Rob Diamond, president of the ACT Vets cycling club, uses a bike camera. Photo: Katherine Griffiths
DRIVERS beware: Big Brother now rides a bicycle.
Canberra cyclists are using $400 cameras to fight back against dodgy driving.
The cameras are mounted on the handlebars or even the rider's helmet and can be used to prove who has caused a collision.
''There's a lot of road rage at the moment between cars and cyclists,'' said Canberra Cycling Club president Jason Parkes. ''Nobody's been killed yet but I'm waiting for it to happen.''
There are about 1000 members of road racing cycle clubs in the ACT, meaning many riders share the roads with vehicles.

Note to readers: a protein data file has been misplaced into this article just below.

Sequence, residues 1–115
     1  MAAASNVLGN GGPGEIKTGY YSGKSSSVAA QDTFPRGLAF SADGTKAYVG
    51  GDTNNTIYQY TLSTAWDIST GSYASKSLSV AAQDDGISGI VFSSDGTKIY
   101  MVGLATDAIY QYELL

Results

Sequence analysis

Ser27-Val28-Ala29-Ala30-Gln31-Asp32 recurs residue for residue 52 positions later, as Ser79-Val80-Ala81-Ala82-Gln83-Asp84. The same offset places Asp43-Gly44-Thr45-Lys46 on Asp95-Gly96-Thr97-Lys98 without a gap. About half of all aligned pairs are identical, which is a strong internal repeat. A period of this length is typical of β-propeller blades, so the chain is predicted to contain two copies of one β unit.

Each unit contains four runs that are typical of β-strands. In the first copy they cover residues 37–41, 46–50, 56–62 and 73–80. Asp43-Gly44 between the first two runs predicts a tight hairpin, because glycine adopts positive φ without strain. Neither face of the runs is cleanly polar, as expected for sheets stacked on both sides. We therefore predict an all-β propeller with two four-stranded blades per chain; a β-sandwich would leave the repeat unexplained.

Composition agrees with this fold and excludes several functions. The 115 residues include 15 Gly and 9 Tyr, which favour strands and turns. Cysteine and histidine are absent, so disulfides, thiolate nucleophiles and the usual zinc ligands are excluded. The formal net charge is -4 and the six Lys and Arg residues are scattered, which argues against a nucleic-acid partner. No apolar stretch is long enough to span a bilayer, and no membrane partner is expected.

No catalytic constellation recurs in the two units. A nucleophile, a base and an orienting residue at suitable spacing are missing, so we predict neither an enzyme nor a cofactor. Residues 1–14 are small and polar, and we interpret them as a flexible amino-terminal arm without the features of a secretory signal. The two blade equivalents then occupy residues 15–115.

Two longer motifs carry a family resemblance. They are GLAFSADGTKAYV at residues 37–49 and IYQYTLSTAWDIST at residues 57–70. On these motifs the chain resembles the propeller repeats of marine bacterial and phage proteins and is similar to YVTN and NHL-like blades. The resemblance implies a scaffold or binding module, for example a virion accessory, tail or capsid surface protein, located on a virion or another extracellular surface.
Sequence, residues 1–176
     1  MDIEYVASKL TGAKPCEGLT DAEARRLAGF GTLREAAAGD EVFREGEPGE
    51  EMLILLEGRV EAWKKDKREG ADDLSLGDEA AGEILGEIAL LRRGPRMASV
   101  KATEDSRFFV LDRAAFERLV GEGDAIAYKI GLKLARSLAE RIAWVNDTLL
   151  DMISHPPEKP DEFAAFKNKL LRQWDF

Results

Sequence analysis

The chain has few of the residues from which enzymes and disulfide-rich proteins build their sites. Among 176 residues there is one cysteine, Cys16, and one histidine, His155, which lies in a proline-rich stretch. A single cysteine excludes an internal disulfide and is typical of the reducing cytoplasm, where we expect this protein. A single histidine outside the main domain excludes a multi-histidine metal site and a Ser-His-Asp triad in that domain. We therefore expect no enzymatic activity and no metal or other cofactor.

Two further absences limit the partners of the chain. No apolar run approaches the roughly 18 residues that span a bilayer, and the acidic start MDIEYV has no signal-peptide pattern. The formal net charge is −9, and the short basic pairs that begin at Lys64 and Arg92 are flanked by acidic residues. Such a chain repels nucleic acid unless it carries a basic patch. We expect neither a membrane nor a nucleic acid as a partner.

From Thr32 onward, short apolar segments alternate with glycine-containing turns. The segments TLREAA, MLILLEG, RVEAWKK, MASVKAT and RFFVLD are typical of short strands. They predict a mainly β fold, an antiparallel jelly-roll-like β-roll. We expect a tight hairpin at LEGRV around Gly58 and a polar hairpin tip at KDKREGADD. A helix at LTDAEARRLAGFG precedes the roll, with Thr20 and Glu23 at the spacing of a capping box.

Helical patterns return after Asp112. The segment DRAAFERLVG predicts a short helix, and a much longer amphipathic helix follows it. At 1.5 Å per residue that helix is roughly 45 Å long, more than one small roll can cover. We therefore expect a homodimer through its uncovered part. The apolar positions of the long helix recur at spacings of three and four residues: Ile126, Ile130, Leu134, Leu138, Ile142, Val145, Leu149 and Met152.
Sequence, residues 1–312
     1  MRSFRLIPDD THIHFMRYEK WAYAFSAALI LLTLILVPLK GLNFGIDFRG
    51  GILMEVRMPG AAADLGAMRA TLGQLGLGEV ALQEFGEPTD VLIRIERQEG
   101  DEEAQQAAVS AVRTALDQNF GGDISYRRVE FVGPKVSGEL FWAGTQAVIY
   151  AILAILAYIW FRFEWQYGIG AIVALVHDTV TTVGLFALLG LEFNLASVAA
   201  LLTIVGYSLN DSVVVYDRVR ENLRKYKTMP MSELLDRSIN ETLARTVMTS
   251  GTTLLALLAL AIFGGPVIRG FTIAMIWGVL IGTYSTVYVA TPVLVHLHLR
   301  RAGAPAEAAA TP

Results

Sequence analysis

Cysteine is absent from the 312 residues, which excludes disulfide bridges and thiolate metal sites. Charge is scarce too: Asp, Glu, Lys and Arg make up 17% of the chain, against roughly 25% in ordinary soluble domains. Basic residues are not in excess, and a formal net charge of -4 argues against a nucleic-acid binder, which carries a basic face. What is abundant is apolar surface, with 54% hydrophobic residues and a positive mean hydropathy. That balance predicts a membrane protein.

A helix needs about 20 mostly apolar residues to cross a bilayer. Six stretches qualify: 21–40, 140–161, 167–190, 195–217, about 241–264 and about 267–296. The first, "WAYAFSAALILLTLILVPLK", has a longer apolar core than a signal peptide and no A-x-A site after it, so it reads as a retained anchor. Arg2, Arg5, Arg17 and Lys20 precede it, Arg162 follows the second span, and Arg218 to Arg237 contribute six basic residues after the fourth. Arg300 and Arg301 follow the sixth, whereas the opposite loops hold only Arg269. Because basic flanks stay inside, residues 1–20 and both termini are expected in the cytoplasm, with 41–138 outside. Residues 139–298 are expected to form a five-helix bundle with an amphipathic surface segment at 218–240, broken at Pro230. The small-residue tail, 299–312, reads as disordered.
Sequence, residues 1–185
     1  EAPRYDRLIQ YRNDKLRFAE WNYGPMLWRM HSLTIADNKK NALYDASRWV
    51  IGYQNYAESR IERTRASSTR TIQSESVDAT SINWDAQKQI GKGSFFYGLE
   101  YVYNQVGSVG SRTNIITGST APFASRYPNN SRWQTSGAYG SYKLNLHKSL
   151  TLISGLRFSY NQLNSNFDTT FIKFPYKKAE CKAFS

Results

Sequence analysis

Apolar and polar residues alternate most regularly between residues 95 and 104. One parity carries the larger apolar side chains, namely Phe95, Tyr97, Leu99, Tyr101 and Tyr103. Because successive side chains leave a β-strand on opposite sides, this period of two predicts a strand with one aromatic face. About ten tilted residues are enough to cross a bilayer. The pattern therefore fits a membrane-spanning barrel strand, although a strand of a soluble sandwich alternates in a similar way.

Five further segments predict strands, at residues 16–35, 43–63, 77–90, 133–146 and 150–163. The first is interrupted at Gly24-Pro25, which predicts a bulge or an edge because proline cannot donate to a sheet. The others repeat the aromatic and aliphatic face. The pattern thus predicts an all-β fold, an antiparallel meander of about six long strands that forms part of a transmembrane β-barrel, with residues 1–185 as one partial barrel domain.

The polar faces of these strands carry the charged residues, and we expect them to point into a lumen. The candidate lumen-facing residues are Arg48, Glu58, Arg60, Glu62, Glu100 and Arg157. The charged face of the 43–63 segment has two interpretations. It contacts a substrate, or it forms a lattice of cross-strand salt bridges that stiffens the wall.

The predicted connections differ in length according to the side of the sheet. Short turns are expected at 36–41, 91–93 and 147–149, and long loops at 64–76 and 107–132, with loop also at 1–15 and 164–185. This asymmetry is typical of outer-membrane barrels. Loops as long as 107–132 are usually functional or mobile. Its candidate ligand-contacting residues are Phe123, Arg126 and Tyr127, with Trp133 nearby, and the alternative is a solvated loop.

Many club members report a small number of car or truck drivers who deliberately drive close to cyclists. One ute was seen driving in front of a group of riders before braking suddenly.
A collision between a car trailer and a cyclist on a Canberra road posted on YouTube seven months ago has received almost 70,000 hits.
The 13-second video, recorded by one cyclist with a camera, captured the moment a car towing a trailer pulled in front of another cyclist, clipping the rider who wobbled into the next lane and nearly came off the bike. The president of the ACT Vets cycling club, Rob Diamond, uses the cameras for a different reason. He takes groups on cycling tours and uses the footage to promote his business. PHILIP THOMSON